Two new ordinances were part of Town Council’s Nov. 9 meeting.
Windermere Town Council heard the first reading of a new parking violations ordinance during its Nov. 9 meeting. The ordinance is in response to repeated violations throughout the town’s recreation areas.
“The issue with parking generally stems from the parks and the boat ramp,” Windermere Mayor Jim O’Brien said. “People have been parking illegally after the parks are closed or parking their vehicles with boat trailers throughout town while they use the lakes.”
The ordinance follows last month’s parking moratorium at East Third Avenue, East Fourth Avenue and the Lake Street and Lake Down parks.
“The issue with parking generally stems from the parks and the boat ramp. People have been parking illegally after the parks are closed or parking their vehicles with boat trailers throughout town while they use the lakes.”
“The moratorium was put into place because we had people parking in the parks, that are very close to residents homes, at all hours of the night,” O’Brien said. “To address that, after a lot of police enforcement, we put a temporary moratorium in place so we could give some relief to those residents while we went through the proper procedure for the ordinance.”
“We really never had a parking ordinance,” Windermere Police Chief Dave Ogden said. “Prior tickets were issued at $15, but we seldom wrote them due to the lack of an articulation in the code.”
The new ordinance lists the schedule of civil penalties at $30, with the standard $250 penalty for parking in handicapped-accessible spots without a permit.
Town Council approved the amendment of an established ordinance, governing waterways and marine activities, to include the prohibition of jumping or diving from town property.
According to a section of the amendment, titled Legislative Findings: “There have been numerous instances of individuals jumping from town docks and bridges and using town docks for commercial activities, and the town desires to regulate such activities to promote the health, safety and welfare of town residents and visitors to the town.”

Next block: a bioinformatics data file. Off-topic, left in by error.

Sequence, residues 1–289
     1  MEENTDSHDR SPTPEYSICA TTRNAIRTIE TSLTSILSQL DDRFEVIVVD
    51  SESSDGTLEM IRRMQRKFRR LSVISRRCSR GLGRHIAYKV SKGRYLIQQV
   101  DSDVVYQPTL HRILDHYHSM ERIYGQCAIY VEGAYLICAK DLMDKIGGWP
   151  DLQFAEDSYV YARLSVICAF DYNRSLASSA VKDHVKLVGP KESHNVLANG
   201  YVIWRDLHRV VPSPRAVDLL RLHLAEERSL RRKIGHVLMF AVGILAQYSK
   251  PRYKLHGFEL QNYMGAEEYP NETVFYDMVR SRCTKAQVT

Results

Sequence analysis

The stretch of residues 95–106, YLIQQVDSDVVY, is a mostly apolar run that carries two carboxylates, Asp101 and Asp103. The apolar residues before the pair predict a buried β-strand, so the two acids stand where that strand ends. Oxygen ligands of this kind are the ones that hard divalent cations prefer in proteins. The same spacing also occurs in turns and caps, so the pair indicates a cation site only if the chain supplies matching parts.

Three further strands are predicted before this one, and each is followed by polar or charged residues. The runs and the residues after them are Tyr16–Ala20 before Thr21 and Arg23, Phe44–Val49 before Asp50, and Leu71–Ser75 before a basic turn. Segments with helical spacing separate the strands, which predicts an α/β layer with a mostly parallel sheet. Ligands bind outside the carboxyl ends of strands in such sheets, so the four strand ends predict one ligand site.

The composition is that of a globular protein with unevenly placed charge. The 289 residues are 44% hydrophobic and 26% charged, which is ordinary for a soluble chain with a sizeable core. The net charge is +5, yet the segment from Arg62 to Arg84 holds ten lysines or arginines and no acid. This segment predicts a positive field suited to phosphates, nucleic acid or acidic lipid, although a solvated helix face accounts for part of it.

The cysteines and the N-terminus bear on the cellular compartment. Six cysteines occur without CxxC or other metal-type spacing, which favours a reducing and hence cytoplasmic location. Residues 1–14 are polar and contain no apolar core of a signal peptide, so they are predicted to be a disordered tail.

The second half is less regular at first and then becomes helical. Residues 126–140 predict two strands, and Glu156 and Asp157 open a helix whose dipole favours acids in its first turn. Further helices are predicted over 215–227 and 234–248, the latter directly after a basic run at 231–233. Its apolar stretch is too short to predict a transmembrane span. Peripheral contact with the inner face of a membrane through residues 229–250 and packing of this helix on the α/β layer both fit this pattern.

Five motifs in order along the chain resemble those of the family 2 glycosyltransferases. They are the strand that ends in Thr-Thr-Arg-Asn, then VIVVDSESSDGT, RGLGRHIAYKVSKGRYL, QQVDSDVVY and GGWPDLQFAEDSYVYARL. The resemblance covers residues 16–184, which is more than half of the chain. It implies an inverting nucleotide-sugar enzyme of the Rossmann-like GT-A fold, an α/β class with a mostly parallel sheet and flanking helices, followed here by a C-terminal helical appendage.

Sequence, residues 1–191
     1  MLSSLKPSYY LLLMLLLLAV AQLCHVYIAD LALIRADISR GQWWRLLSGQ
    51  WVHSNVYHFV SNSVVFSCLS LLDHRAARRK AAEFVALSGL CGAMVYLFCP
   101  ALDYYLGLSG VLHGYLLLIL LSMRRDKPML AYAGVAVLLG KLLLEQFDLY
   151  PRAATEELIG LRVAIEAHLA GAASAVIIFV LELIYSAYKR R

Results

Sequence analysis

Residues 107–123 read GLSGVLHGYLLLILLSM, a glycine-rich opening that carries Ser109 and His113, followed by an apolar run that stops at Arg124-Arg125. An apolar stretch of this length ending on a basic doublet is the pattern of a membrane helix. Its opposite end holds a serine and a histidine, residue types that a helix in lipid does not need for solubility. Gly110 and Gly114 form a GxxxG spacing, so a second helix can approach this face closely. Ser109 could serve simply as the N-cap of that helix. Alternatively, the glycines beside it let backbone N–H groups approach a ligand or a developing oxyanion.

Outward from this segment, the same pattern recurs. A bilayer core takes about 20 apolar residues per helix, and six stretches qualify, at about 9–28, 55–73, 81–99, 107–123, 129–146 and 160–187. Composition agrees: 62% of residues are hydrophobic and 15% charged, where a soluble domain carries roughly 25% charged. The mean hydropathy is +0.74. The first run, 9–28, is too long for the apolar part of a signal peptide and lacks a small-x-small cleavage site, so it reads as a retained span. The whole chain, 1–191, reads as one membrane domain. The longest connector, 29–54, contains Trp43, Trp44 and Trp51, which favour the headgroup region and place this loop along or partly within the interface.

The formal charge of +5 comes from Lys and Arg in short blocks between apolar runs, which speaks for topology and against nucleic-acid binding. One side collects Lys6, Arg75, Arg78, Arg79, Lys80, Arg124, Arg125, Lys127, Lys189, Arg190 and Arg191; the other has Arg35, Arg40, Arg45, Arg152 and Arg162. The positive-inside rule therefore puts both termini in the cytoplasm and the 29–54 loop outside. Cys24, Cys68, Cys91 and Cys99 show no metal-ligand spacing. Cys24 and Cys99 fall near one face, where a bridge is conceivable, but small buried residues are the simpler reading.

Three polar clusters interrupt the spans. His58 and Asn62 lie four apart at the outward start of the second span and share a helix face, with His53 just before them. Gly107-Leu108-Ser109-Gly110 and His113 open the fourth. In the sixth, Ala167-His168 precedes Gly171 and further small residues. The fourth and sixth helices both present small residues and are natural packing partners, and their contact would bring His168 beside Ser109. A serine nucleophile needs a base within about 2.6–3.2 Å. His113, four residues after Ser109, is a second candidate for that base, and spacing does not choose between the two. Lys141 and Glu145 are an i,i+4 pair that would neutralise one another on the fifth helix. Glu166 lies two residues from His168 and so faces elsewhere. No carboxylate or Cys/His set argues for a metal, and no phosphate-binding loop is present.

“I’m sure that’s been a problem over the years, but what we found recently, and during the pandemic, was there was a large uptick in that type of behavior, and it’s really dangerous,” O’Brien said. “It doesn’t change any of the policing. What this does is give the police and code-enforcement officials the tools they need to enforce the rules already in place.”
According to Ogden, large numbers of juveniles have been spotted acting irresponsibly on town docks and marine infrastructure, and repeated drug and alcohol use are part of the offenses. Neighbors also have reported the offenses and are concerned of the possible outcomes.
“We’re not looking to put people in jail; it’s a civil ordinance,” Ogden said. “We can call some parents and things like that, but it really is a safety issue and quality of life issue.”
BOATHOUSE WORKSHOP SCHEDULED FOR NOV. 29
Windermere’s ongoing boathouse debate was not part of the Nov. 9 meeting but will be addressed during a Nov. 29 virtual workshop.
“We’ll be discussing path forward,” O’Brien said. “People will be able to comment during the virtual meeting. We found they actually work better than the hybrid meetings because everybody has the opportunity to speak.”
The meeting will be streamed via Zoom. Details on live streaming access can be found at town.windermere.fl.us along with the meeting agenda, which will be published 48 hours before the event.
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